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Chapter 16: The Great Dance of Suchness

I always like to illustrate this point by the phenomenon of dance. A painter paints, but the moment he has painted his picture, the painter is separate from the picture. Now the painter can die and the picture will remain. Or you can destroy the picture, but by doing that the painter will not be destroyed - they are separate. Now the picture can exist for centuries without the painter. The painter is not needed. Once painted, it is finished; the relationship is broken.

Look at the dancer. He dances, but the dance is not separate; it cannot be separated. If the dancer is dead, then the dance is dead. Dance is not separate from the dancer; the dance cannot exist without the dancer. And the dancer cannot exist without the dance either because the moment there is no dance, the person may be there, but he is not a dancer.

God’s relation to the world, for the Upanishads, is that of dance and the dancer. Hence, we have pictured Shiva as Nataraj, the dancer. A very deep meaning is there - that this world is not something secondary that God has created, then forgotten about and become separate from. The world is not of a secondary order. It is as much of the first order as the divine himself because this world is just a dance, a leela, a play. It cannot be separated.

Calling Brahman that, says all that is is Brahman, all that is, is he - the manifested and the unmanifested, the creation and the creator. He is both.

The word that - Tat - also has a very subtle meaning. Buddha has used that meaning very much and Buddhists have a separate school of teaching just based on this word. Buddha has called that suchness, he has called it tathata; hence Buddha’s name, Tathagata - the man who has achieved suchness, who has achieved that.

This word suchness is very beautiful. What does it mean? If you are born, Buddha will say, “Such is the case that you are born.” No other comment. If you die he will say, “Such is the case - you die.” No other comment, no reaction to it; things are such. Then everything becomes acceptable. If you say, “Things are such that now I have become old, ill; things are such that I am defeated; things are such that I am victorious; things are such.” then you don’t claim anything, and you don’t feel frustrated because you don’t expect anything. Such is the nature of things. Then one who is born will die, one who is healthy will become ill, one who is young will become old, one who is beautiful will become ugly. Such is the nature of things.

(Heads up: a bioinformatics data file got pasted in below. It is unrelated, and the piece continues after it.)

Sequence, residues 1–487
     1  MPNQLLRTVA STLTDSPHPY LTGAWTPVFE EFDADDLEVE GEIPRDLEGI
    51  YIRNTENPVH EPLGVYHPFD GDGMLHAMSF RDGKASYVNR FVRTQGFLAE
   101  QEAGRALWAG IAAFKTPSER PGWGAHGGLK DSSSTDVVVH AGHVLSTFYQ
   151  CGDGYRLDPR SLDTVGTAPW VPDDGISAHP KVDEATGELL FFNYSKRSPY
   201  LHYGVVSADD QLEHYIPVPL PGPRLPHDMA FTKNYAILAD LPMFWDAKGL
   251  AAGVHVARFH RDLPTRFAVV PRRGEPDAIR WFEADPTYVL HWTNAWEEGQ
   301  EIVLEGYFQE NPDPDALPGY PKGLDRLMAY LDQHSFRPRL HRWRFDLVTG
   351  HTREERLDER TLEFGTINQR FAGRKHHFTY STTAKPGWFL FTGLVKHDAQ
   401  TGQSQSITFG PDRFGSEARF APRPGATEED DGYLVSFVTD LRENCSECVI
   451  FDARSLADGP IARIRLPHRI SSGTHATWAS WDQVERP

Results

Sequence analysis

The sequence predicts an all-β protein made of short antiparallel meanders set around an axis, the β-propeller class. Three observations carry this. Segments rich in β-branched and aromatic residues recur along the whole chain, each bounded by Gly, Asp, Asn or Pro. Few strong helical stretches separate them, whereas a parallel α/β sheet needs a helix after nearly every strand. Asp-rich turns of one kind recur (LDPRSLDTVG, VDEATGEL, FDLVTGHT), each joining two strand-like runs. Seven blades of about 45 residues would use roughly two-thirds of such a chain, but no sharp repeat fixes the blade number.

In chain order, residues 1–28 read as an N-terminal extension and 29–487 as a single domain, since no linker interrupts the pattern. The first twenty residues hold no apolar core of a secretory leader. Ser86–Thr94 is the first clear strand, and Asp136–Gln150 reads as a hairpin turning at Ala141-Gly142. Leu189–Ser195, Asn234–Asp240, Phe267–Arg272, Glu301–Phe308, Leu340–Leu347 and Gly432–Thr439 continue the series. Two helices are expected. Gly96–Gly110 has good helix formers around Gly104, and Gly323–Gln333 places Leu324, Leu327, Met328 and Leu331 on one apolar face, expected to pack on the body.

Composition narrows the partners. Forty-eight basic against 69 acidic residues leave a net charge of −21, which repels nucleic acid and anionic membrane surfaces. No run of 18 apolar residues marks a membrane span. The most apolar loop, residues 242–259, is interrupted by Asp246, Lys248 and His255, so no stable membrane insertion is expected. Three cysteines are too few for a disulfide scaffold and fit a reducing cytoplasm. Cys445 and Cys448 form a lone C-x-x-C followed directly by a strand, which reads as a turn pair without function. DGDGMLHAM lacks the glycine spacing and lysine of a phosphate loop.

Unnecessarily you get worried about it; this suchness is not going to change because of your worry. Unnecessarily you get involved in it; your involvement is not going to change anything. Things will go on moving in their own way. The suchness, the river of suchness, will go on moving in spite of you. Whatsoever you do makes no difference; whatsoever you think makes no difference. You cannot make any difference in the nature of things.

Once this feeling settles within your heart, then life has no frustration for you. Then life cannot frustrate you, then life cannot disappoint you. And with this feeling of suchness a subtle joy arises in your being. Then you can enjoy everything - you are no more, really. With the feeling that “Such is the nature, such is existence, such is the course of things,” your ego disappears.

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